Our Assembly is an important point in our lives as Ethical Culturists. It is an opportunity to immerse ourselves in what it really means to belong to Ethical Culture. The annual Assembly gives us an opportunity to experience the Ethical Movement in a larger context.
This year, there is especially exciting programming. I am most excited about the social justice programming happening on Saturday, June 16, 2012. The social justice theme is Criminal Justice, and there is a stellar line-up of speakers both from within the Ethical Movement and people working in the criminal justice field.
There will be a special meeting time for ESWoW members to get to meet with each other in person and we are able to renew and make new acquaintances with members of societies from across the country. It is an exciting opportunity to learn from each other, not only through the many workshops but by strengthening communication Rose know if you are planning to attend the Assembly and interested in being an ESWoW delegate.
Most of us have a mother or had a mother. Some of us are mothers, want to be mothers, can't be mothers or choose not to be mothers.
It's not all as simple as Hallmark would have you believe. Sometimes there is a warm and loving relationship, but from the ones I know about, I wouldn't say they are simple. This perhaps most profound relationship of our lives is usually rich, complex, and sometimes even mucky. And sadly, sometimes there is no real relationship there.
We have such high expectations for mothers; for who our mothers should be, for what they should be able to do for us, for how they should prepare us for the world. And if we are mothers, we have such high expectations for ourselves. We think, or at least I think, "I'll only do the good things my mother did, not the bad. I'll do all the things I wished my mom had done, but didn't."
What a mixed bag. I wish my mother had lived long enough to be a grandmother to both of my children instead of dying when my son was 2 1/2. She loved those years as a grandmother, she had great joy and would have had total delight with her granddaughter who has so many of the same interests as my mother did.
I wish I could have asked my mom for advice, asked her what I was like when I was young, but mostly, I wish I could tell her that while it was easy to think that I'd only do good things for my kids, and none of the bad, that I now know how much it easier it is to think that as a teenager than to actually do it once you have kids. Read more »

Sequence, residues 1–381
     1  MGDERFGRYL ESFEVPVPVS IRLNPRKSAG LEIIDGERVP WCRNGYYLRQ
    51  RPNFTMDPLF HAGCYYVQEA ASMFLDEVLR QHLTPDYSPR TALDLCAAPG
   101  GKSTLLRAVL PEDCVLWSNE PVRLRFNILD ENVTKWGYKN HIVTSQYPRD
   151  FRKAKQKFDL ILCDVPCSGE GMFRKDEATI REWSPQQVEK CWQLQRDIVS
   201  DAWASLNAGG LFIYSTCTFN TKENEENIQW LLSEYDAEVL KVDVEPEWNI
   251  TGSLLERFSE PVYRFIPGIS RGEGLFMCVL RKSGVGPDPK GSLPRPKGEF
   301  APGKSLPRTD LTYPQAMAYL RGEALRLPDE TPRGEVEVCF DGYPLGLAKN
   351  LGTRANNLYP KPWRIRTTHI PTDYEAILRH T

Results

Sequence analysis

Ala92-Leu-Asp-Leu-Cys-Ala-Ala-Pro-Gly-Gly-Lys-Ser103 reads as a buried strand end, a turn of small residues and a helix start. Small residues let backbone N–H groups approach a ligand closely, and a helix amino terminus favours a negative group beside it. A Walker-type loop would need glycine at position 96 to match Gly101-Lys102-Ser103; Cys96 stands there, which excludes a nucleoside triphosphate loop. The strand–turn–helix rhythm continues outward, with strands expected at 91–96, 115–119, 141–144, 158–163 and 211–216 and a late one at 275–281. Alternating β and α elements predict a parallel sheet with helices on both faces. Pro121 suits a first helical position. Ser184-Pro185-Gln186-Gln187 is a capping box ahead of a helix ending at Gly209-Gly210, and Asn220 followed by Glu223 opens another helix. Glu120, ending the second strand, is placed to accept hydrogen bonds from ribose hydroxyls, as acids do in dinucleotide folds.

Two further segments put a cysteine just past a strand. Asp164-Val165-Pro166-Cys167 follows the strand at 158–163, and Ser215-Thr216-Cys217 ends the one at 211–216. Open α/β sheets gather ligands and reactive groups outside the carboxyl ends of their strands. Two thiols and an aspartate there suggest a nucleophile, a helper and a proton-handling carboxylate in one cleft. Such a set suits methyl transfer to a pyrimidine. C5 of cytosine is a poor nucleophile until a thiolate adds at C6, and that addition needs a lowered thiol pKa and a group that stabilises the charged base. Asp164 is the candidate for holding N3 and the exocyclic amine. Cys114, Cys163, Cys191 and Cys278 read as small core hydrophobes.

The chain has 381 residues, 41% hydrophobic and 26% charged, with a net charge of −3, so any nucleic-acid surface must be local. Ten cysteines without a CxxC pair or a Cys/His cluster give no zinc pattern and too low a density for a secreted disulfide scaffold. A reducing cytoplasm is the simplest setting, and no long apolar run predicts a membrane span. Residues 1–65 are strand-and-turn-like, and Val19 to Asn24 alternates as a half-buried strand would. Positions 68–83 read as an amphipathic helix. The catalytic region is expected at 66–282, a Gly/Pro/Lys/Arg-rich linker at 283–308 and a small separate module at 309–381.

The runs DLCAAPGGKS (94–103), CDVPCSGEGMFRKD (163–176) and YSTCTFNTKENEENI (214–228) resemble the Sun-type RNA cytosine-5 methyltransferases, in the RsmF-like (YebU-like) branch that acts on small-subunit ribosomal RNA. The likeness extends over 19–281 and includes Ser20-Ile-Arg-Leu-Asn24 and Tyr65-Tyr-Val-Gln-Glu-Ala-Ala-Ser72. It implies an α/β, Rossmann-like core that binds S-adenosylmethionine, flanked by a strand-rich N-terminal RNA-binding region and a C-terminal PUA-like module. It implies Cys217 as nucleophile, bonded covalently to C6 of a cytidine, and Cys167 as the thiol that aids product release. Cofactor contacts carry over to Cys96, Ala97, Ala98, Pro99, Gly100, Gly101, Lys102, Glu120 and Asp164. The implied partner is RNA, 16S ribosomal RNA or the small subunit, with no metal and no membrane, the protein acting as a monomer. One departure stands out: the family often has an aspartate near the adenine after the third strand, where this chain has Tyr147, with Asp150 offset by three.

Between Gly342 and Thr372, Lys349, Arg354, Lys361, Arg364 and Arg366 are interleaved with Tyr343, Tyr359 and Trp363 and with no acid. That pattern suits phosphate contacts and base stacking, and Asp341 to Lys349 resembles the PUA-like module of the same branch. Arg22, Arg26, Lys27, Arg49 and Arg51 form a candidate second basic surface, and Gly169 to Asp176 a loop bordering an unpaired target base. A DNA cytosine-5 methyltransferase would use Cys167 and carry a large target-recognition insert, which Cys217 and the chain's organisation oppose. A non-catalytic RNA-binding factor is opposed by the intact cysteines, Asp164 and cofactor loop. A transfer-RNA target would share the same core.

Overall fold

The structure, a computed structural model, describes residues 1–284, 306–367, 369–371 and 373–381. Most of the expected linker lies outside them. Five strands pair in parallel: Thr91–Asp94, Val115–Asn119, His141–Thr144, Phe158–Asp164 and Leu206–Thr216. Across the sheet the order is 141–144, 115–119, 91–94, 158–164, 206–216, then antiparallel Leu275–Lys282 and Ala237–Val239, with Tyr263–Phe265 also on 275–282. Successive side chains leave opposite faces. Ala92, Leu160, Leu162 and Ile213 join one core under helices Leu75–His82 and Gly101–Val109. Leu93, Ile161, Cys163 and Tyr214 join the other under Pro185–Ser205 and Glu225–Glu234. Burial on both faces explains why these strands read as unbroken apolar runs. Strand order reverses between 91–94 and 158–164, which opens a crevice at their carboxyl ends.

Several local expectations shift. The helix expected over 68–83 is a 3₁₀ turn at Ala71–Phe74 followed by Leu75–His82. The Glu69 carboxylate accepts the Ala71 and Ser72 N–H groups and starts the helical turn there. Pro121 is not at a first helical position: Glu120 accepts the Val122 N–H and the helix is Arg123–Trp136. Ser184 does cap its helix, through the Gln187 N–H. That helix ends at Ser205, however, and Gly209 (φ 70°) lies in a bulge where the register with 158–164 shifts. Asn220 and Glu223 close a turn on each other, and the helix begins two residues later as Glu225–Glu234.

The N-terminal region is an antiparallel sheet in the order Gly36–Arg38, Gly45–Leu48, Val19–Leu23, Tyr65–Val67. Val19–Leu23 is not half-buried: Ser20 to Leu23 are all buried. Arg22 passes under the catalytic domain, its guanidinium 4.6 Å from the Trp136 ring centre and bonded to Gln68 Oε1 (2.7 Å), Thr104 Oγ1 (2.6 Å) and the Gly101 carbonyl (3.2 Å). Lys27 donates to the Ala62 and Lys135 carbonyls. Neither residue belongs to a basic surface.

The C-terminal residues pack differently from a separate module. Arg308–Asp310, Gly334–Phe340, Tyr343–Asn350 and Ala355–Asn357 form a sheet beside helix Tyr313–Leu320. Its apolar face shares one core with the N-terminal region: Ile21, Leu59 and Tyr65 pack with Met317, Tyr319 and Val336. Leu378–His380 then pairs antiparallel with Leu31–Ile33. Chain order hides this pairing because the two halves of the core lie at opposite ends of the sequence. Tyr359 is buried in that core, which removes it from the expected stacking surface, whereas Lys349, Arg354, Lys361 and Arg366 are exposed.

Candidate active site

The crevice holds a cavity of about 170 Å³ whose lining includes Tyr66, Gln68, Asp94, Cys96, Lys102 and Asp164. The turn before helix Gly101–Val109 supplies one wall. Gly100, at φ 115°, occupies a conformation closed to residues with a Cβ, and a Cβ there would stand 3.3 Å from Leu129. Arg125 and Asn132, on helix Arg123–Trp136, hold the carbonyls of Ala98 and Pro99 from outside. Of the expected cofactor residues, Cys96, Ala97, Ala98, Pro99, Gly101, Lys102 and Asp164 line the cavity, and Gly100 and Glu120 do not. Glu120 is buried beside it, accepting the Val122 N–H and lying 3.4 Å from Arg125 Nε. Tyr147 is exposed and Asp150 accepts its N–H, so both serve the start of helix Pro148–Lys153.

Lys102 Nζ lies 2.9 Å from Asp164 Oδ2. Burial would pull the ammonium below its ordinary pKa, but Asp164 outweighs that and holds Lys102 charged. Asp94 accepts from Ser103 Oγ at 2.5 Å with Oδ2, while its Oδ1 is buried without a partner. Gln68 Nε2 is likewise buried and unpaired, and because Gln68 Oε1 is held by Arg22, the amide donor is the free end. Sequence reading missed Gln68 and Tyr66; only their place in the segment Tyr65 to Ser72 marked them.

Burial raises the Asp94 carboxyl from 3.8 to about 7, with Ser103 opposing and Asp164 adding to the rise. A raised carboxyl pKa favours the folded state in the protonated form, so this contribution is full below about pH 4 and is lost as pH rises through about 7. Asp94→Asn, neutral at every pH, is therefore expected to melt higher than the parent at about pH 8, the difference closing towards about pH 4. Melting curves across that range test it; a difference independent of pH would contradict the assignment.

I love lilacs. A lot. One of the best things about living in New England is that there are lots and lots of lilac trees here. Way more than any other place I have ever lived. I like to stop and smell them, and every few years, I go to the Arnold Arboretum and glory in the hundreds of lilac trees they have there.
So why am I sad about lilacs now? Because I am writing this on April 19, 2012, and I've been seeing lilac trees in bud for several days now. Lilacs aren't supposed to be in bud here until May - the middle of May. They are a full month early the way I see it.
We have had a wacky winter in New England. Following the great amounts of snow wehad last year, this winter has been exceptionally mild, and at times, even tropical with there being days in a row of weather in the eighties.
Yes, there is climate change, and yes,people are part of what is exacerbating climate change. What signs of climate change have you noticed where you live? What are you doing to help the rate of climate change slow down?
I never thought I'd be sad to see lilacs, and yes, I will still stop and smell them, but what will I do in the middle of May when they might even be gone? I'll be sad again, but roses will probably be blooming early too.
Sunday, April 22, 2012 5pm PT, 6pm MT, 7pm CT, and 8pm ET. The number for the call is 866-740-1260, access code 5766842#. The call will last one hour.
Bart Worden, Leader of the Ethical Culture Society of Westchester, in White Plains, NY, will be joining the ESWoW Community Call to discuss the issue of racial bias in law enforcement, our part in such bias, and thoughts about what we can do to make positive changes.
Bart has been taking action on this issue in Westchester and wrote "Police Officers Reflect Our Racial Bias," for the local Westchester newspaper the Journal News. I found this paragraph to be most thought-provoking:
But let’s face it: our law enforcement is a reflection of us. Our own attitudes, opinions, misperceptions and apprehensions are what drive the behavior of law enforcement. Our obsession with personal safety, our fear of people who don’t look like us, our inattention to the lives of anyone who is not perceived as “our kind” lay the groundwork for racial bias and provide a sustaining environment for that bias.
Please invite anyone you know who is interested in this issue and/or Ethical Culture to participate in the call.